Cytoskeletal-driven membrane dynamics requires the concerted action of microtubules, actin, and their associated motors and activators. Although specific motors and adaptors have been identified that participate in the transport, tubulation, and retraction of biological membranes, the molecular mechanisms of many of these processes are not well defined. This gap in knowledge is due, in part, to the lack of understanding of the biophysical parameters of the key cytoskeletal components that drive these dynamic membrane events. Knowledge of these parameters allows formation of quantitative models that consider the mechanical and kinetic limits of protein function. Therefore, this subproject proposes to use single-molecule and ensemble biophysical techniques to measure directly the motile and mechanical properties of cytoplasmic dynein (mammalian and yeast) and kinesin (KIF16B) motors. Results will be correlated directly with new insights from analysis of motor structural dynamics obtained in collaboration with Dr. Goldman, and will provide the biophysical parameters required to better understand the cellular and in vitro experiments performed collaboration with Dr. Holzbaur. We will also determine mechanical properties of the key scaffolding proteins that link membranes, motors, and cytoskeletal filaments. These interactions include the attachment of KIF16B to phosphoinositides, the dynein-bicaudalD-Rab6-membrane complex, and the interaction of WHAMM with membranes. The results will be correlated directly to biochemical, structural, and cellular experiments performed in collaboration with Drs. Dominguez and Holzbaur. Our studies will provide the biophysical parameters required to generate quantitative models for the roles of cytoskeletal motors and scaffolding protein in powering membrane dynamics and transport.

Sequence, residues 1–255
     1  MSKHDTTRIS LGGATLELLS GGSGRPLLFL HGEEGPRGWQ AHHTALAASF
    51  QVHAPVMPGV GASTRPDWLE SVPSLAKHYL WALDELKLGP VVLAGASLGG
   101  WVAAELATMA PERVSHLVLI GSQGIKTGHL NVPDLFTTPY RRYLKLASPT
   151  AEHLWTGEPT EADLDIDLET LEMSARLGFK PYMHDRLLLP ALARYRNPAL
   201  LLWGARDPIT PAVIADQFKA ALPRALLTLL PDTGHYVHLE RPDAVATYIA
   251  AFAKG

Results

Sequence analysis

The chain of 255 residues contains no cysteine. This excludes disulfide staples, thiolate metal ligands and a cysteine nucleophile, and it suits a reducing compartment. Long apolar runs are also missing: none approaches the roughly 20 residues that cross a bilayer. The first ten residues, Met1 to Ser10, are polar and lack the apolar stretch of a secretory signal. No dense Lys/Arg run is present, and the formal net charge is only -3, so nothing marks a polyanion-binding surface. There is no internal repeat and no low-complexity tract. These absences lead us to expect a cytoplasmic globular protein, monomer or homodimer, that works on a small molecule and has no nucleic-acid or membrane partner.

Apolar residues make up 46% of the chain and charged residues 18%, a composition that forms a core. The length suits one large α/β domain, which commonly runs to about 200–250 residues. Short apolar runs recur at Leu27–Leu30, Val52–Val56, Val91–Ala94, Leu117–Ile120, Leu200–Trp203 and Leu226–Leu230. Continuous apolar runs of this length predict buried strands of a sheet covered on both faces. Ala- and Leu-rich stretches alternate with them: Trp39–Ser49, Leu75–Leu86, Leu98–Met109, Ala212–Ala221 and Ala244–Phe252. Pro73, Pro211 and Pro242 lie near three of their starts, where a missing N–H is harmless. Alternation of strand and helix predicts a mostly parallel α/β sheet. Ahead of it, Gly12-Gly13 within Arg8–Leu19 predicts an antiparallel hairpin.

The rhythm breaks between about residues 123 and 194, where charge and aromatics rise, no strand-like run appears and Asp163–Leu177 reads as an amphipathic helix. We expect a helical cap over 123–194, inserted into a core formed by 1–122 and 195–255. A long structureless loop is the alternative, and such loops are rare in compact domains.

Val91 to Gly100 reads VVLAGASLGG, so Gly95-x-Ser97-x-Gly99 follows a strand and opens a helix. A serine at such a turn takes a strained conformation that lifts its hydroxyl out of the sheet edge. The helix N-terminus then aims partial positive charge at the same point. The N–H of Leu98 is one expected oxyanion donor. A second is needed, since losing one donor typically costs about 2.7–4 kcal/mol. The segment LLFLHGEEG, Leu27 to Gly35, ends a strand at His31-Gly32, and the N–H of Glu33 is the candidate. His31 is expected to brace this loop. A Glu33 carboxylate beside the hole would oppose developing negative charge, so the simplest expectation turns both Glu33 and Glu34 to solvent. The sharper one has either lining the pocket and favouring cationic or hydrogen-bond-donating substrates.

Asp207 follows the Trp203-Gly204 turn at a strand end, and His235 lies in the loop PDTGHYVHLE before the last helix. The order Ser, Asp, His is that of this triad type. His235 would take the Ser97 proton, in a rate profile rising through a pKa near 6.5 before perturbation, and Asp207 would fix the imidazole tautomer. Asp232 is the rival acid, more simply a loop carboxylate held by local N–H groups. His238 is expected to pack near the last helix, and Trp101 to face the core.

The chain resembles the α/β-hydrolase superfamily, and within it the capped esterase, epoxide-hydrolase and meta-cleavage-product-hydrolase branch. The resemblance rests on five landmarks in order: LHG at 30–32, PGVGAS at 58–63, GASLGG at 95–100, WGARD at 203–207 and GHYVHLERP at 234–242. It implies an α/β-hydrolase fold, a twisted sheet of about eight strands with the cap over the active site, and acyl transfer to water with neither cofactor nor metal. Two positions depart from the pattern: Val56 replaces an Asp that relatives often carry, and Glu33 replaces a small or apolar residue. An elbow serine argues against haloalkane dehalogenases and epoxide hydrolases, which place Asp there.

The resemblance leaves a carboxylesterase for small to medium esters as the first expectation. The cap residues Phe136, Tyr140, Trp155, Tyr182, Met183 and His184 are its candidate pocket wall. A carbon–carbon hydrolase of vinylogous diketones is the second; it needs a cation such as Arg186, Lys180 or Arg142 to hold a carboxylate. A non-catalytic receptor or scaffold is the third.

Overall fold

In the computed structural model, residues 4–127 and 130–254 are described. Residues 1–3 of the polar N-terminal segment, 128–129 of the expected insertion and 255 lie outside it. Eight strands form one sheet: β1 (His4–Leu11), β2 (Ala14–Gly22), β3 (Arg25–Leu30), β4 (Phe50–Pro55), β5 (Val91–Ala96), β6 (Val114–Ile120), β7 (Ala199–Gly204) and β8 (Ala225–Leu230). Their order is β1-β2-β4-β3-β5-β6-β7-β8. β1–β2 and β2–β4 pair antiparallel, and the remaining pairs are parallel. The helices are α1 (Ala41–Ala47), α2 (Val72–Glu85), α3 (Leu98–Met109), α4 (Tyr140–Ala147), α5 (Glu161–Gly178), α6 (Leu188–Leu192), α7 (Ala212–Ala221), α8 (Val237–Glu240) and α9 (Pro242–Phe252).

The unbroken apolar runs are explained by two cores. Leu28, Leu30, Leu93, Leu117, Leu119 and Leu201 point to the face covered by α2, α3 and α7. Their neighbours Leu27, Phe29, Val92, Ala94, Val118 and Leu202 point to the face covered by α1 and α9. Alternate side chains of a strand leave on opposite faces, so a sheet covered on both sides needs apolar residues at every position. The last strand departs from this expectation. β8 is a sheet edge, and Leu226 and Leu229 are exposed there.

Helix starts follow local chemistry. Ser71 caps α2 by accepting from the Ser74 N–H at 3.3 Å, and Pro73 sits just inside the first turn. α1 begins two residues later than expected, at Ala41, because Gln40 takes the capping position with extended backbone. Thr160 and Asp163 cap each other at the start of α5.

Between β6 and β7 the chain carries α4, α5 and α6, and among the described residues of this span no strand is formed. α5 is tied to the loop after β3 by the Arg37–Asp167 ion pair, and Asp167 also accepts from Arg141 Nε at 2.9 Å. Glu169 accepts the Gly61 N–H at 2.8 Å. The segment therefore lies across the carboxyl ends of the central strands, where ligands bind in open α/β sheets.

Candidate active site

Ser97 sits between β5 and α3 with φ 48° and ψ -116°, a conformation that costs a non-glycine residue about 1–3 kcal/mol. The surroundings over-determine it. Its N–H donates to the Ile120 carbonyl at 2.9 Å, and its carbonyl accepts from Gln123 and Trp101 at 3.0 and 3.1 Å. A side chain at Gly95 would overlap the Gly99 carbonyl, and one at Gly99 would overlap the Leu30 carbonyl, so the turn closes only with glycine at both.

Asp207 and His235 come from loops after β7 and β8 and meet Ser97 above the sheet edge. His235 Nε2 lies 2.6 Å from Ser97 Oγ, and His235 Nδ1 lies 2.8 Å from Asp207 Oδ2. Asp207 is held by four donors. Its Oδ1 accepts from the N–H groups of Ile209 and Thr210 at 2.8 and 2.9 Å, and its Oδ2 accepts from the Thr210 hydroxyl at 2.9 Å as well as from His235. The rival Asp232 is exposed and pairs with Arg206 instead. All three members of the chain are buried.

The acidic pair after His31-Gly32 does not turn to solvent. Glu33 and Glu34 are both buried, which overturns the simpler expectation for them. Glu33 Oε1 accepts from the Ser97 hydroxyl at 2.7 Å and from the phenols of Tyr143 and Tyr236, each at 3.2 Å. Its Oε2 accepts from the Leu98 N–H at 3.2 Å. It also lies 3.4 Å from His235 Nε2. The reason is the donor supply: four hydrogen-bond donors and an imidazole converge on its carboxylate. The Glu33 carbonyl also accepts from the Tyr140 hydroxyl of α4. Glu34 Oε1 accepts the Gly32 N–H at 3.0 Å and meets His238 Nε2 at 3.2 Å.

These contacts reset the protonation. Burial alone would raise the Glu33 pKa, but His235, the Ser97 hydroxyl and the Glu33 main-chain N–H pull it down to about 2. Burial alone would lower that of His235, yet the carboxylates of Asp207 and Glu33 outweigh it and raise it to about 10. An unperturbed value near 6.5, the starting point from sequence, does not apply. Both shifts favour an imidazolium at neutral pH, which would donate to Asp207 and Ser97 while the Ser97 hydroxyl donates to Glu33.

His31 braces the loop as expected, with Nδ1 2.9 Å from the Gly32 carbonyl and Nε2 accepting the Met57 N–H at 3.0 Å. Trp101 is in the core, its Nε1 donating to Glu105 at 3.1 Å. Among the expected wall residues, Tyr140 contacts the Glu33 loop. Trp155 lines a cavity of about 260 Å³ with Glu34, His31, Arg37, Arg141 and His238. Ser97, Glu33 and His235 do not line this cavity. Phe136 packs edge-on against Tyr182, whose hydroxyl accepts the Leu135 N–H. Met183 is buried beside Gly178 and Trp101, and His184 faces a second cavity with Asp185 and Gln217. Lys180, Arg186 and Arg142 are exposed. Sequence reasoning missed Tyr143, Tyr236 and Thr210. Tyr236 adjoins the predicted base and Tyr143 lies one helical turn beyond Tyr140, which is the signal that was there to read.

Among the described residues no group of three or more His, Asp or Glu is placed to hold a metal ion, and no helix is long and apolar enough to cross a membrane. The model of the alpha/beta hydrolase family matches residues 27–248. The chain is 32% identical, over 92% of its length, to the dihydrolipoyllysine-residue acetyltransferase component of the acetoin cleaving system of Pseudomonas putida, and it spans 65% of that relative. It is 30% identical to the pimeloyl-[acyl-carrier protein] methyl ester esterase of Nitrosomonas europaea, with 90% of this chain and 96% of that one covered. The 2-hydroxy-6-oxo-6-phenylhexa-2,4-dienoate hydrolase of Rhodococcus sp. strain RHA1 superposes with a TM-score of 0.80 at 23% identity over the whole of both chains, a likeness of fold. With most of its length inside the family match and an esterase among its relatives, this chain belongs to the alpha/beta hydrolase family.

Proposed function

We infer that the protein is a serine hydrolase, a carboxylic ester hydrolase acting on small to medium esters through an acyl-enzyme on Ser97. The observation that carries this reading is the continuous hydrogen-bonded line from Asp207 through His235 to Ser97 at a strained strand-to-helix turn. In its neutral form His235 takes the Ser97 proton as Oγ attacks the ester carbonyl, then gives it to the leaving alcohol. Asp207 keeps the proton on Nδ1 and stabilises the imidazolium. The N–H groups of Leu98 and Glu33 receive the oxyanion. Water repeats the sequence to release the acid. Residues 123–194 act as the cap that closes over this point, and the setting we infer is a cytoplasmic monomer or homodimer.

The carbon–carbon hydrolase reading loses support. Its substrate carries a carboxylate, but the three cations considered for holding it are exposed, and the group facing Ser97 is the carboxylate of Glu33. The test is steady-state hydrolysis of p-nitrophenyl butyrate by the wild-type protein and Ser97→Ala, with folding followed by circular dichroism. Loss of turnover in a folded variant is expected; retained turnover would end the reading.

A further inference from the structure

National Institute of Health (NIH)
National Institute of General Medical Sciences (NIGMS)
Research Program Projects (P01)
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Special Emphasis Panel (ZRG1)
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University of Pennsylvania
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